The Master of Human Interface Technology (MHIT) program is soliciting applications for our February 2021 intake. The MHIT program is a 12 month degree that includes a 9 month research thesis. We are looking for students from a variety of backgrounds, including but not limited to psychology, design and computers science. Several scholarships are available. Please get in touch with me at firstname.lastname@example.org if you are interested in any of the following projects.
Swimming Lane Distribution Simulation
Christoph Bartneck, Carl Peterson
Swimming is one of the healthiest workouts. It makes up around 20% of the mainstream endurance sports market . According to the 2015/16 annual report of Swimming NZ there are 19,026 active club members in New Zealand alone. This does not include recreational swimmers that swim outside of swimming clubs nor Triathlon swimmers. The USA Swimming Foundation recorded 400,000 members in its 2016 annual report.
This project focused on using agent base simulations to predict efficient and safe swim training sessions. Swim training occurs through lane swimming. For this purpose the pool is divided into lanes and a group of swimmers completes the same program within each lane. The swimmers within a lane are usually ordered by their speed by which the fastest swimmer leads the group. Swimmers swim in a circle within each lane. They swim down the lane on one side and return on the other. Overtaking is, however, a challenge since the swimmers are limited in their view ahead. When they swim on their back they even have no forward vision. The situation can become dangerous when two swimmers attempt an overtaking manoeuvre in opposite directions which can result in injuries.
It is therefore important to carefully balance the performance of the swimmers within lanes and across all lanes. Ideally, all swimmers within one lane have identical swimming speeds. Since there is a huge variety of swimming speeds this can usually not be accomplished.
The goal of this project is develop a model of swimmers in lanes using a social simulation based on NetLogo. This simulation will vary the number of swimmers, the variations in their speeds, the swimming program, and the number of lanes. The goal is to find an optimal distribution of swimmers to lanes based these variables. The goal is to minimize the overtaking manoeuvres. This will enable the coach to predict how many lanes would be necessary given a certain set of swimmers to ensure safe swim training.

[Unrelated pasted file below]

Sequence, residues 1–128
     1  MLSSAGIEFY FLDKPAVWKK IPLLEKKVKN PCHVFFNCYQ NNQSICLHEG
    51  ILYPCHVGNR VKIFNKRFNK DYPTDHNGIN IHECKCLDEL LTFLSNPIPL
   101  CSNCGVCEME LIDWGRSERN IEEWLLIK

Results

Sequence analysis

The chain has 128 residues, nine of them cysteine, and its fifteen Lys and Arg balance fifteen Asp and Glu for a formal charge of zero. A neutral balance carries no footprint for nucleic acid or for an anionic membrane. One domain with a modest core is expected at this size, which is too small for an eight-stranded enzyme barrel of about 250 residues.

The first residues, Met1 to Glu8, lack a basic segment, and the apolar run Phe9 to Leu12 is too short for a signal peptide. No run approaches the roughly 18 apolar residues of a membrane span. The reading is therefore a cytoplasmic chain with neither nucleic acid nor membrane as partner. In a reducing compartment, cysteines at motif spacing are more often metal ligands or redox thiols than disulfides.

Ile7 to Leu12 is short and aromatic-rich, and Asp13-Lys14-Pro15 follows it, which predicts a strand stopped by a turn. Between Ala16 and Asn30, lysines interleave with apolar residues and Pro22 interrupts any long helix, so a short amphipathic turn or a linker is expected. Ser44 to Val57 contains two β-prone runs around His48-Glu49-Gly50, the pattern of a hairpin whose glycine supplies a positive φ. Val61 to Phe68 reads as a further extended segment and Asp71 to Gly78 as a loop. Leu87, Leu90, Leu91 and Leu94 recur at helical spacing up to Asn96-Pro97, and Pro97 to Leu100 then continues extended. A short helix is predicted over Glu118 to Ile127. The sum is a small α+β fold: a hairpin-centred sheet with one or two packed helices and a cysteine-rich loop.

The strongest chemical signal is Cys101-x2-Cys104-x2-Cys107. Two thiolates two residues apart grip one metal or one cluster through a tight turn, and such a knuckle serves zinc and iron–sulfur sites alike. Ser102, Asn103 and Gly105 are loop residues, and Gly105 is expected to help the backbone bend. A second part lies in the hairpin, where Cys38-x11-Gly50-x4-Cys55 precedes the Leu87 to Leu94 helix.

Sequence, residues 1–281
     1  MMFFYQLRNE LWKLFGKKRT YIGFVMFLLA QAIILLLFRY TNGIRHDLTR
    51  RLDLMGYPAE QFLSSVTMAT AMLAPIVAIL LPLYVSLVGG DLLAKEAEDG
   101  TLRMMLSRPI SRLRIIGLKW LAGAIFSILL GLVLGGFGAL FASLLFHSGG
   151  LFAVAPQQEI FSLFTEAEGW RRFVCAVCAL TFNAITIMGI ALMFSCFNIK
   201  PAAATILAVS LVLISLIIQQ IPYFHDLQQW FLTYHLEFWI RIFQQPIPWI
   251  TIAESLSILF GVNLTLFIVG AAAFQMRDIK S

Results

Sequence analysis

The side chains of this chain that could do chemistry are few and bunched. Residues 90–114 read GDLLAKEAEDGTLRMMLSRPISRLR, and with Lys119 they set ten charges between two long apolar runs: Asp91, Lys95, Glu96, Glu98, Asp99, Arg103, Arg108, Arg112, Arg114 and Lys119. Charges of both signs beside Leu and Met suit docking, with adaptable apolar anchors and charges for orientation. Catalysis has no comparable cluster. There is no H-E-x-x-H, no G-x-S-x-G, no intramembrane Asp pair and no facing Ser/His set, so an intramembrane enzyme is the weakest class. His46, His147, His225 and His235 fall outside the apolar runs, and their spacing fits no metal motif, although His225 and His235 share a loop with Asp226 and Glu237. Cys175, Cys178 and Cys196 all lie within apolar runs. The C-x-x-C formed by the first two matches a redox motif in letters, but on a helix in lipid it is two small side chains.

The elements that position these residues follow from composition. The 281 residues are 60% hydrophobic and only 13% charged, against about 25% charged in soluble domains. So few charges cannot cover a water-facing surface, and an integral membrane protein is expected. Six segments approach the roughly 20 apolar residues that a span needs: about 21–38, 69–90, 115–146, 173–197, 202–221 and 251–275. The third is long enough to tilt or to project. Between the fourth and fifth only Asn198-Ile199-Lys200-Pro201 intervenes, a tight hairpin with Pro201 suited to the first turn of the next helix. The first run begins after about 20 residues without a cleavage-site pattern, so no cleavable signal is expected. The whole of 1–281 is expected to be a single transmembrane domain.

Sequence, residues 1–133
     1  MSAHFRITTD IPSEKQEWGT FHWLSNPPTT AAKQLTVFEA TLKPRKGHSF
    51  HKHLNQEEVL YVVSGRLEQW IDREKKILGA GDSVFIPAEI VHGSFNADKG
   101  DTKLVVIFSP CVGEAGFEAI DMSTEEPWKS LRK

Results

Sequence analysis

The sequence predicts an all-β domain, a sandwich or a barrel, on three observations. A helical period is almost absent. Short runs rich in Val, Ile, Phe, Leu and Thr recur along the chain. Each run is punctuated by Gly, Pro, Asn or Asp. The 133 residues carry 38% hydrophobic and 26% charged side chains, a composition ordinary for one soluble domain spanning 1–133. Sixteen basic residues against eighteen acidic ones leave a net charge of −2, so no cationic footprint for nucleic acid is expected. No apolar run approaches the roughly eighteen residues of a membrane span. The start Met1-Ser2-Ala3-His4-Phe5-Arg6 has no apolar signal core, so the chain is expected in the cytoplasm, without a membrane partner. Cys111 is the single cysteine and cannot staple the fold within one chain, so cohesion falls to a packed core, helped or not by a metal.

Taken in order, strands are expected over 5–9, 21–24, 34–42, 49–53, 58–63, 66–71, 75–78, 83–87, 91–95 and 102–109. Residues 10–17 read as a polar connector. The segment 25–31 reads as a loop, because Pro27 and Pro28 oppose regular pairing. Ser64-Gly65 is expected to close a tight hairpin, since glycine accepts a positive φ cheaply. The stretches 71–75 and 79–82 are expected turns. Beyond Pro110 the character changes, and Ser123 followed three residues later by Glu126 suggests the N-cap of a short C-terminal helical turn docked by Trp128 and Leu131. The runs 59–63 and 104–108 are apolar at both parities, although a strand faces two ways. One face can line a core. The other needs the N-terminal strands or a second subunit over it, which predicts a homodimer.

The model will then be validated using observations from real world swimmers in swimming clubs. These observations will be conducted using local swimming clubs and their associated data on the swimmers, such as their swim speed records to estimate their training speeds.
Ethical Asymmetry Perception in HRI
Christoph Bartneck, Kumar Yogeeswaran, Andy Vonasch
Humans treat robots as social actors and they apply similar ethical standards to robots. Not only do robot need to act ethical, but also humans should treat the robot in an morally acceptable way. Abusive behaviour towards robots is judged to be as immoral as abusive behaviour towards humans (Bartneck & Keijsers, 2020). Sparrow (2020), however, pointed out that there might be an asymmetry when considering positive behaviour towards robots. People might not consider positive behaviour towards and of the robot as praiseworthy as they condemn negative behaviour towards them and of them.
The goal of this study is empirical test whether there is a moral asymmetry in the treatment of robots. We will conduct an experiment in which participants will have to evaluate the praiseworthiness and disapproval of behaviours exhibited by either a human or a robot.
For this purpose we will use a new stimuli set originally proposed by (Fuhrman, Bodenhausen, & Lichtenstein, 1989) and modified by Effron, D.A. (2020), The moral repetition effect: Bad deeds – but not good deeds – seem more ethical when repeatedly encountered. (Manuscript in preparation, Data). This will allow us to test a wide variety of behaviours.